• Posted on February 22, 2017 8:02 pm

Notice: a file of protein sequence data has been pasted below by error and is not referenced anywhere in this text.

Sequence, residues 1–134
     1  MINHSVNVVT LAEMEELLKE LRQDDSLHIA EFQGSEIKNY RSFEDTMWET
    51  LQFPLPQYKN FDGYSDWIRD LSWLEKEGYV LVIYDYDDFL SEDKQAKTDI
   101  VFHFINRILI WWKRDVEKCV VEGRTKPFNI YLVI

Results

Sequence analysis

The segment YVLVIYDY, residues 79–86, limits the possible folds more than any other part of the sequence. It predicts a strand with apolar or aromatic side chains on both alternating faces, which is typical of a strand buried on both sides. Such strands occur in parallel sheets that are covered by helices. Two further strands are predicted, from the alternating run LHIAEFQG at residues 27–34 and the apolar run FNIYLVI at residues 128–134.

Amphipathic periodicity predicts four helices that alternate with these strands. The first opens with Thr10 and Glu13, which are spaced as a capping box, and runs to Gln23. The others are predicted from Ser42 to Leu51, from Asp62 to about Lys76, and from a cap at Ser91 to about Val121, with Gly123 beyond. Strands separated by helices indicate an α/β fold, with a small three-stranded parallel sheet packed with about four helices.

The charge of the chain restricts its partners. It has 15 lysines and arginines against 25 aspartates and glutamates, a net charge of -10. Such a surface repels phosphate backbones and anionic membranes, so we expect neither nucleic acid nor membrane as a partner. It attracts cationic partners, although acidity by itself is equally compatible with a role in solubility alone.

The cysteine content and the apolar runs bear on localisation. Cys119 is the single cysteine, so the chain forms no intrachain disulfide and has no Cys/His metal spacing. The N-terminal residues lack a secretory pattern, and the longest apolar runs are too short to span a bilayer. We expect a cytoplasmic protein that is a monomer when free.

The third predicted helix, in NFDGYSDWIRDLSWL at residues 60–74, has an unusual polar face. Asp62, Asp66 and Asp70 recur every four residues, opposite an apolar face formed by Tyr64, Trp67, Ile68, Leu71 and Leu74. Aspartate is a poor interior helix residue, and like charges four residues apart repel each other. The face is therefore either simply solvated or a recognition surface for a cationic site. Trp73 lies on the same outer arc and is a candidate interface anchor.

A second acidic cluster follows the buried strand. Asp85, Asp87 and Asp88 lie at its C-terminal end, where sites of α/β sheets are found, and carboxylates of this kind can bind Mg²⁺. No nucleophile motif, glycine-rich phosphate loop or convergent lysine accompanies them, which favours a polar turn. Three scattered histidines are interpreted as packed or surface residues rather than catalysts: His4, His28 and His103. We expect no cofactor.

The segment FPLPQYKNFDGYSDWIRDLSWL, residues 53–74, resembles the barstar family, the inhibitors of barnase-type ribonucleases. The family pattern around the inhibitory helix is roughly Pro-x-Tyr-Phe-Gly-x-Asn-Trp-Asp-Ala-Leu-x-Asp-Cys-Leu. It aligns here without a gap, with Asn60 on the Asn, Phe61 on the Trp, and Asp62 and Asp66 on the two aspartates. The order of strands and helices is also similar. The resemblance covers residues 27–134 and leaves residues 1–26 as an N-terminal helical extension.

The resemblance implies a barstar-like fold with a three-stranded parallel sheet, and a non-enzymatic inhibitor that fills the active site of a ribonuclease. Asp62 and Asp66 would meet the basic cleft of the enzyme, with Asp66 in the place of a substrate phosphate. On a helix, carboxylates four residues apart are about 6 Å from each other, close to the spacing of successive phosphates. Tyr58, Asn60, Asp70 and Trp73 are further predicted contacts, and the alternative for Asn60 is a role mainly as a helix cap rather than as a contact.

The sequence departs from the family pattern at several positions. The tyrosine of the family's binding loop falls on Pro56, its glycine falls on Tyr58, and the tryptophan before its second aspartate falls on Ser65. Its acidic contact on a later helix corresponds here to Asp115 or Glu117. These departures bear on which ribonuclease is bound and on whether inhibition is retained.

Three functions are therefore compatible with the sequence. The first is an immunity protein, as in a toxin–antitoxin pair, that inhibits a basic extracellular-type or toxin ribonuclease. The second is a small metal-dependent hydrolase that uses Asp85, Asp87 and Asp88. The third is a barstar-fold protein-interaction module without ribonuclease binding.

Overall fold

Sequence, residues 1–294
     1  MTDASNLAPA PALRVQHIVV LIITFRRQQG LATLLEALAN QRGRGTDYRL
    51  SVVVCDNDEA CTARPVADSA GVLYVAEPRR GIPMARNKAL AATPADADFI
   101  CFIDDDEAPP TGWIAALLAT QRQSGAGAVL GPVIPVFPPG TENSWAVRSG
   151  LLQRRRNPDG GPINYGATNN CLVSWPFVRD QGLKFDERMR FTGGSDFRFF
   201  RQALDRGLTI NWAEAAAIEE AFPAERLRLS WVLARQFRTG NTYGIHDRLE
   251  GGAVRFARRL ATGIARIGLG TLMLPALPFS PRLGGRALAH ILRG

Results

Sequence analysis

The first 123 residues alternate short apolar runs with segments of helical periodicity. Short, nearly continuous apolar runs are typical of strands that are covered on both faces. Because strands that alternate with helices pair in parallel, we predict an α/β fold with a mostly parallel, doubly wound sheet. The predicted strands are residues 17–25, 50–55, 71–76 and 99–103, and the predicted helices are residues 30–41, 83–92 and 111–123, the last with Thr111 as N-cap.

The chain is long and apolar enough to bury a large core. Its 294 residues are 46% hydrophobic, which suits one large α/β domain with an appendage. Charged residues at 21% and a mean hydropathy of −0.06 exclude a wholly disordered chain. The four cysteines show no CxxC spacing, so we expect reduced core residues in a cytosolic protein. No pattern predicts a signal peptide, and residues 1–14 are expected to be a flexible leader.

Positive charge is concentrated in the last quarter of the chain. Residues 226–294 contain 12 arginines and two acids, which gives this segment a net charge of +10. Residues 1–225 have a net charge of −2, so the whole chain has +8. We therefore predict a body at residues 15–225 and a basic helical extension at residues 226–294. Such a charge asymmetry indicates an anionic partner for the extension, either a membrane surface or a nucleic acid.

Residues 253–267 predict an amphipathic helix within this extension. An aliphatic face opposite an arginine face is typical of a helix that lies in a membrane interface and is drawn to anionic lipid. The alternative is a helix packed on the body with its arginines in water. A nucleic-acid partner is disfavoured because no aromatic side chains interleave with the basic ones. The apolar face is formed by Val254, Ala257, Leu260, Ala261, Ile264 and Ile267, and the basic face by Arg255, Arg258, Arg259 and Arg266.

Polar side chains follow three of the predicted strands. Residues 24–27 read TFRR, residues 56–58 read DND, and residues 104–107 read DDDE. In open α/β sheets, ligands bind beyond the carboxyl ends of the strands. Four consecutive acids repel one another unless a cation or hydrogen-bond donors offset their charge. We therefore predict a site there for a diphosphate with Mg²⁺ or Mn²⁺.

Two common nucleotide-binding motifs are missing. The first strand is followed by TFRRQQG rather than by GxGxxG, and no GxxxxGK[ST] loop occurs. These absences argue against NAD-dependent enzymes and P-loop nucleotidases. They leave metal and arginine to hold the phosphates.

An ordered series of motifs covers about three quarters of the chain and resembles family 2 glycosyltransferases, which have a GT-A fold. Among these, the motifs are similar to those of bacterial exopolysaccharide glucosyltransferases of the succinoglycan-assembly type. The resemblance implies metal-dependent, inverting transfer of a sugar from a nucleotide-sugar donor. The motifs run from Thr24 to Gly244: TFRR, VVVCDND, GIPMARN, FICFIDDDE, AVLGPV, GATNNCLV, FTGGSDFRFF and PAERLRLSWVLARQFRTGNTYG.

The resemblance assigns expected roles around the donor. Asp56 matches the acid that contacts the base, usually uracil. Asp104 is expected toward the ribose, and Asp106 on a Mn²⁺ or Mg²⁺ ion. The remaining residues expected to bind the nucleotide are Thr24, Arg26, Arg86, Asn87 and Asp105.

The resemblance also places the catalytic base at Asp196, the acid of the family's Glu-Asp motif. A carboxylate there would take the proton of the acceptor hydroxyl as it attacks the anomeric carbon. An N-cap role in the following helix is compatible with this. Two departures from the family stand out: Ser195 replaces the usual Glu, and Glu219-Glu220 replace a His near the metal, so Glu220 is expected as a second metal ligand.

McCall Dempsey
    No comments